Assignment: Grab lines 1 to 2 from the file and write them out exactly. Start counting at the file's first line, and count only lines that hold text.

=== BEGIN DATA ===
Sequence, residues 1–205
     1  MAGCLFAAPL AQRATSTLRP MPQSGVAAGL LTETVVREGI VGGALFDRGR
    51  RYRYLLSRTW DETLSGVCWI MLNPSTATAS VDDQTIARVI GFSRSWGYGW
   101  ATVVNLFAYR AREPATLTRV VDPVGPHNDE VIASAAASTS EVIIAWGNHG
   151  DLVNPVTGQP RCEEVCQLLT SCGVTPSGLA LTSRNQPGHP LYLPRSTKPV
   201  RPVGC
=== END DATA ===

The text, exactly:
Sequence, residues 1–205
     1  MAGCLFAAPL AQRATSTLRP MPQSGVAAGL LTETVVREGI VGGALFDRGR